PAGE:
I hope you had a really great 4th of July Weekend. I got to attend multiple picnics and see fireworks, so I feel very satisfied with my holiday.
Of course, farm work never really takes a holiday, and Sue and Claude were busy making more hay over the weekend. The fields are getting pretty crispy at this point (hot and DRY) but it's been good for making hay. Actually, it's been so dry that for only the second time in 20 years or so, Sue and Claude had to put irrigation on the peas! It's not really possible to irrigate all the crops, but hopefully we'll be getting some rain later this week.
But things are still hanging in there, and we have some new veggies this week.
Here's what's in your bags:
Yellow Snow Peas
The arugula is getting pretty spicy, so be aware. When the weather gets really hot, so does the arugula ...
This year we're trying out these yellow Golden Sweet snow peas. Because of the dry conditions, they aren't quite a large as they might have been, but they are an interesting color and have a nice flavor. I always enjoy trying out new varieties of our staple vegetable crops. You never know if you might be growing a new favorite! Some of the seed companies we use at the farm are Johnny's Seeds, Fedco Seeds and the Seed Savers Exchange. It's always interesting to see what colorful new creations or rediscovered heirlooms they present in their catalogs each year.
Here are some recipes to consider for this week:
2 Tbsp olive oil
1 shallot or small onion, chopped
2 scallions, chopped
1/2 cup chickpeas, drained
salt and pepper to taste
1 bunch Swiss chard, rinsed and chopped
1 tomato, sliced
1/2 lemon, juiced
Heat olive oil in a large skillet. Stir in shallot/onion and scallions. Cook and stir for 3-5 minutes until soft and fragrant. Stir in garbanzo beans, season with salt and pepper, and heat through.
Place chopped chard in the skillet, and cook until wilted. Add tomato slices, squeeze lemon juice over greens and heat through. Serve immediately.
4 Tbsp olive oil
10 oz Swiss Chard, heavy stems removed
1 Lb Spinach, heavy stems removed
one 15-oz can of chickpeas, drained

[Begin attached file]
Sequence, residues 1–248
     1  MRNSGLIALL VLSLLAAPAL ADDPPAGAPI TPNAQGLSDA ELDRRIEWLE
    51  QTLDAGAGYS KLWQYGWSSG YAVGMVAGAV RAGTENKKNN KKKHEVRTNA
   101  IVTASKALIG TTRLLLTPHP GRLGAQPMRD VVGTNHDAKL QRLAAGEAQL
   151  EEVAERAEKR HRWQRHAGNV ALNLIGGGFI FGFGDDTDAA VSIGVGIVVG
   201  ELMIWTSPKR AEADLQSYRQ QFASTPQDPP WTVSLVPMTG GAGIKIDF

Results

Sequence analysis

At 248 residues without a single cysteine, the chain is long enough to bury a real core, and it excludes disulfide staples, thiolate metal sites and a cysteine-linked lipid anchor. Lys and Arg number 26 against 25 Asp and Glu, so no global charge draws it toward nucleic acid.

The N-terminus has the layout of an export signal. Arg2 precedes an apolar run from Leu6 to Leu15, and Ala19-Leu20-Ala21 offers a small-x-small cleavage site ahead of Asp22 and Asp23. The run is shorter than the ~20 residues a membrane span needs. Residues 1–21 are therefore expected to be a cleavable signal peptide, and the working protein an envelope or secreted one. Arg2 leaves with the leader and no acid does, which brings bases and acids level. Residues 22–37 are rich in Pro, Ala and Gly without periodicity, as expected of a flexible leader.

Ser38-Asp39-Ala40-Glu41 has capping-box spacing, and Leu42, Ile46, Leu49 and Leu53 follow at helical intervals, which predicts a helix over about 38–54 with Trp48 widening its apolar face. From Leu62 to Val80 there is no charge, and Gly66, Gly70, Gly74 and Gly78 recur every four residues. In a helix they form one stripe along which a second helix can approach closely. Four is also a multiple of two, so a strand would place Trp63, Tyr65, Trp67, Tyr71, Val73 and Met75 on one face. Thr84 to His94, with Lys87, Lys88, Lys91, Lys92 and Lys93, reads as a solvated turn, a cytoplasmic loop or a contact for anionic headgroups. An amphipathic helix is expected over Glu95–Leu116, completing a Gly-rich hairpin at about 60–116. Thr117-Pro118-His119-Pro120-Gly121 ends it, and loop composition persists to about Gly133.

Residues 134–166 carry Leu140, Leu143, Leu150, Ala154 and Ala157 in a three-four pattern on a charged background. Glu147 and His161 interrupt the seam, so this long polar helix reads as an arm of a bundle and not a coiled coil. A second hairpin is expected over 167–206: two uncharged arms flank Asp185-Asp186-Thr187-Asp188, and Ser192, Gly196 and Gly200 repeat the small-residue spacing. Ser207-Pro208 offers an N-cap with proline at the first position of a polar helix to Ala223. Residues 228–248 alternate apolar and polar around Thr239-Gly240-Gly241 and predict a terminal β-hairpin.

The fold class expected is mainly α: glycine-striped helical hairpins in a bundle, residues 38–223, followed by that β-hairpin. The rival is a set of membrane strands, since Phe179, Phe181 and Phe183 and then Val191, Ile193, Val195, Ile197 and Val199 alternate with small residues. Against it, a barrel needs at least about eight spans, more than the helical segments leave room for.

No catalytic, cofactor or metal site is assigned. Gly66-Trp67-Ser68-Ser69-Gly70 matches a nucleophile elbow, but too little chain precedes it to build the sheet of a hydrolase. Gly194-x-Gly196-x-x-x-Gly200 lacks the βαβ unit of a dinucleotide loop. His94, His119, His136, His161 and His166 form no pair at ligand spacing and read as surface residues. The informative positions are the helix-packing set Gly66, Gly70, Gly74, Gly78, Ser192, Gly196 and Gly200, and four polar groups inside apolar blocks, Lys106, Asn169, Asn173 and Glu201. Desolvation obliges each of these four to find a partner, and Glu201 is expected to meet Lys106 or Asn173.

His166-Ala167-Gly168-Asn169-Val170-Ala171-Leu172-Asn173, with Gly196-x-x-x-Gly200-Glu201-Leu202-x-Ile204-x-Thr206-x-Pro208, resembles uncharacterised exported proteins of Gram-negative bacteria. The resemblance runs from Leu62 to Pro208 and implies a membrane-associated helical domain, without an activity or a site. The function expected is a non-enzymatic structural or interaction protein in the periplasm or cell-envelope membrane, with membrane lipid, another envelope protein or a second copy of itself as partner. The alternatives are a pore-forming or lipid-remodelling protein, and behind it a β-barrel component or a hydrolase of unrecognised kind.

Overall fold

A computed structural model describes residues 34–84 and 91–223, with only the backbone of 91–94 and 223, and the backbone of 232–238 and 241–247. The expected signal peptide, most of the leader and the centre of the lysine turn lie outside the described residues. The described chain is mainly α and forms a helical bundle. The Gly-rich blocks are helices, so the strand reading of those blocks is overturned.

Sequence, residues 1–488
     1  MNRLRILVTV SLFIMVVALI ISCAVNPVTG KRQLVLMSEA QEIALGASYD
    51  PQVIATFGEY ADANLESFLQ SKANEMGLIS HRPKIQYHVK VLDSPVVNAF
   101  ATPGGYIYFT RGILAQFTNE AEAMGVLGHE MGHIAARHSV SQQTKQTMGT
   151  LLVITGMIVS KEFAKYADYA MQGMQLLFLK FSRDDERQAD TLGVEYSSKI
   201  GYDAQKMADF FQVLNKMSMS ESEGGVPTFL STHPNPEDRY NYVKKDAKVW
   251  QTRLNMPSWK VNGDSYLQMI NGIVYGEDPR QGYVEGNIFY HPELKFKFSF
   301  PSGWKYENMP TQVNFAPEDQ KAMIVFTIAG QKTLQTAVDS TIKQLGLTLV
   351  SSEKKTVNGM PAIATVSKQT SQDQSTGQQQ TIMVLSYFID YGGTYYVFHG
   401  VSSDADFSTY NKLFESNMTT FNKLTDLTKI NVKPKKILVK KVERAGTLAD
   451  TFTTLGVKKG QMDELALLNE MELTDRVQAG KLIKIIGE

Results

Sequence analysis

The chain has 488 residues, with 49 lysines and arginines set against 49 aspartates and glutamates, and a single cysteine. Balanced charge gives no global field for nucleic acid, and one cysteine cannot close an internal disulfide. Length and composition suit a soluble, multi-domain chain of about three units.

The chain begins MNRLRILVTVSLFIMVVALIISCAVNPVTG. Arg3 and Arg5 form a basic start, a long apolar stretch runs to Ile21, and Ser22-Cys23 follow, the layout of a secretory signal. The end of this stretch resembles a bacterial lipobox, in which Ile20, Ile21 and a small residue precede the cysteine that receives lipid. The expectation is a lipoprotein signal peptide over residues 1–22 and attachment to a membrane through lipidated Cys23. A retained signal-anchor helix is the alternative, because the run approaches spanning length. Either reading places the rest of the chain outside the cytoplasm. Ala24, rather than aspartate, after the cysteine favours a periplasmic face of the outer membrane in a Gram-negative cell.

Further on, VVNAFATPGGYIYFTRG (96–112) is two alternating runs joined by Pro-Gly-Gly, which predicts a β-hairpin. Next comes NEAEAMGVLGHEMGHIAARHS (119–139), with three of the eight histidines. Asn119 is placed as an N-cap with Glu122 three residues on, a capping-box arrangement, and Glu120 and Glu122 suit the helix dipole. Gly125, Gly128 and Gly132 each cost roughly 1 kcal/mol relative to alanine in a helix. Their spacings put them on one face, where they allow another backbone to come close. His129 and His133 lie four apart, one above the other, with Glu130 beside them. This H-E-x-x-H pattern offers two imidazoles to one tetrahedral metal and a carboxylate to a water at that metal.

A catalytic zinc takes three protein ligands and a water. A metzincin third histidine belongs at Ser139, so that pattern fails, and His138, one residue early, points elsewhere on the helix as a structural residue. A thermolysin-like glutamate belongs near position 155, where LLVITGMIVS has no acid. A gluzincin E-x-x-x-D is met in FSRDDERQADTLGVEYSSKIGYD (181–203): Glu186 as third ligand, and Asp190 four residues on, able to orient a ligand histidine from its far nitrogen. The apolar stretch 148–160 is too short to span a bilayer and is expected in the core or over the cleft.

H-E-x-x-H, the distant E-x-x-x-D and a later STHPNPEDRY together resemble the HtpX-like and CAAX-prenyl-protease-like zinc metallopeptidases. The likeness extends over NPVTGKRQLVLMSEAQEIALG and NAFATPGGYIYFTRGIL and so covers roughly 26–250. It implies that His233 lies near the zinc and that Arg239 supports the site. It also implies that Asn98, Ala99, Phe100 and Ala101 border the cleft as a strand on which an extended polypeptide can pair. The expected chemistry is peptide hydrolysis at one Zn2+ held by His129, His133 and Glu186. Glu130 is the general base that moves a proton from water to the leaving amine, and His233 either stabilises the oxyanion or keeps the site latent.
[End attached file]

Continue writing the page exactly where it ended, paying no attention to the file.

4 scallions (white and green) chopped
4 large garlic cloves, finely chopped
1/4 cup chopped dill
salt and pepper to taste
3 oz feta cheese, crumbled
Preheat oven to 350 degrees, spread 1 Tbsp oil around a 12x9x2- inch casserole dish.
In a steamer pot, steam Swiss chard until it wilts, about 4 mins. Add the spinach to the steamed chard and steam another 4 minutes until the spinach wilts, too. Remove both greens and drain, squeezing out excess water once they are cool enough to handle.
Chop greens and toss with remaining 3 Tbsp of oil, chickpeas, scallions, garlic, dill and season w/ salt and pepper.
Transfer to the casserole dish Push the feta cheese down into the mixture and bake until it's sizzling, about 35 mins. Serve hot.
Here's a recipe from one of my favorite authors, from one of my favorite books. And that would be Animal, Vegetable, Miracle by Barbara Kingsolver.
It's a great summer read if you're looking for something... if you think it's not your kind of book, I thought so too, at first. Give it a try- I'm really glad I did! On the book's website, she lists some other recipes, separated by season. Check it out here.
(This recipe makes dinner for a family of four, but can easily be cut in half.)
2 cups uncooked brown rice
Cook rice with 4 cups water in a covered pot while other ingredients are being prepared.
Olive oil – a few tbsp
1 medium onion, chopped, and garlic to taste
Sauté onions and garlic in olive oil in a wide skillet until lightly golden.
½ cup dried tomatoes
Add and sauté for a few more minutes, adding just enough water to re-hydrate the tomatoes.
1 really large bunch of chard, coarsely chopped
Mix with other vegetables and cover pan for a few minutes. Uncover, stir well, then use the back of a spoon to make depressions in the cooked leaves, circling the pan like numbers on a clock.
Break an egg into each depression, being careful to keep yolks whole. Cover pan again and allow eggs to poach for 3 to 5 minutes. Remove from heat and serve over rice.
All the best,
for Lucky Moon Farm